As a result of their joint research the authors report on the use of monitoring systems for power consumption in production companies. The energy data collected is of great importance as a leadership tool in daily shop floor management as well as in the procurement process of new equipment.
Energy as a competitive advantage
The energy costs in manufacturing industries are increasingly becoming a key competitive factor. Major innovations in products or process engineering are not the only response to the challenges of cost improvements. In practice diverse technical approaches to saving electricity, gas and other fuels have already become well-established. However, the barrier for companies seems to be their suboptimal implementation system.
Recently the ISO 50001 on “Energy Management” was published, which is incorporating the EN 160001:2009 ideas. Consequently, certifications based on the ISO standards will replace those based on the EN standard. Energy management systems (EMS) make sure that energy flows are being identified, quantified and taken as a basis for decision-making in companies. As a result, over a period of few years cost cutting effects of minimum10 % due to the EMS may be expected. This might motivate investment in technologies for measurement and control of energy consumption, which is typically not a core business element.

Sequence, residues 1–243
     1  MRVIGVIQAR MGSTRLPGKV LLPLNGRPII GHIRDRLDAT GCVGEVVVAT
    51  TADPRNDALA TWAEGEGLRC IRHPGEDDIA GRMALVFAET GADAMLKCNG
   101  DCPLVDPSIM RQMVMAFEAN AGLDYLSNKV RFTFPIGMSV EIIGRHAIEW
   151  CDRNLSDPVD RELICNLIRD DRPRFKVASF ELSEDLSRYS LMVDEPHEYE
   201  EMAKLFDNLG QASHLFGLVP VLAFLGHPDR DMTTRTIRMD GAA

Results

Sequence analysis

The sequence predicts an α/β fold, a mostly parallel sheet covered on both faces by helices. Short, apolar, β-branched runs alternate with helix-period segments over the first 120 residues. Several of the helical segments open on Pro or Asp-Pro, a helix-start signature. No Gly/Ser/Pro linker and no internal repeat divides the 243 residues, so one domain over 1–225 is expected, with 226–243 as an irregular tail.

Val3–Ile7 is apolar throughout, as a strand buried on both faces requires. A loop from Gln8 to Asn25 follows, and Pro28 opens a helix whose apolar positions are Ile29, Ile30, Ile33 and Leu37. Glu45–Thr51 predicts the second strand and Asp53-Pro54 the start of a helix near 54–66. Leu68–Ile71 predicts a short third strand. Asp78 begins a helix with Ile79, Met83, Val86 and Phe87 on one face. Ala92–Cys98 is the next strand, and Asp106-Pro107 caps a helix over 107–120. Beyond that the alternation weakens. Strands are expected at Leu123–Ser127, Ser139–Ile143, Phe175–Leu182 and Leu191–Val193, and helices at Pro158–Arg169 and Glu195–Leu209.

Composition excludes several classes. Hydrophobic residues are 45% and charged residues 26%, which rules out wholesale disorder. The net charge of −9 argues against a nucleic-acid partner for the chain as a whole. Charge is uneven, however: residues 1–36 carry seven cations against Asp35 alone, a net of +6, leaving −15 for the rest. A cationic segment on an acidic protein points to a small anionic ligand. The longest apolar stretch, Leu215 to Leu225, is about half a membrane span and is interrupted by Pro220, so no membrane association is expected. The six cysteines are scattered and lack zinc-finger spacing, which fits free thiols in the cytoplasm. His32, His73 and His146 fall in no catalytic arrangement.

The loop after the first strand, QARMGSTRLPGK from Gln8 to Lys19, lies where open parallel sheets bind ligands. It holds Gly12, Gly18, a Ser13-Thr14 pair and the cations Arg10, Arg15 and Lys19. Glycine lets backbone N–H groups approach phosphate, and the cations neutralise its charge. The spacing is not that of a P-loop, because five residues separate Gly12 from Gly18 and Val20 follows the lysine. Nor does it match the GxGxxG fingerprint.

Both authors, representing the University of Applied Sciences in Pforzheim, had the opportunity to gain a broader understanding of the keys to success of efficient energy management. This research was carried out in cooperation with Daimler and a number of SMEs.
Data acquisition as a cornerstone of success
During the analysis of the project it was particularly noticeable that the greatest savings often came from the field of systematic demand adaption. Whether this was due to the lighting control in the production hall using a light sensor or an intelligent exhaust control in the machining center, the key issue was always that sustainable improvements are not possible without the measurement of the relevant parameters.
For this reason is energy data acquisition a key factor in the plan-do-check-act cycle of the proposed changes. Econ-solutions offers a modularly designed data acquisition and evaluation system that was used as an analysis instrument within a series of projects. The relevant consumption data on sensors for electricity, gas, water or other physically measurable parameters have been collected, saved and processed for subsequent analysis. Systems of this kind allow flexible classification of their individual sensor data. These can then be easily adapted to the different levels of aggregation in constantly changing business structures and product life cycles.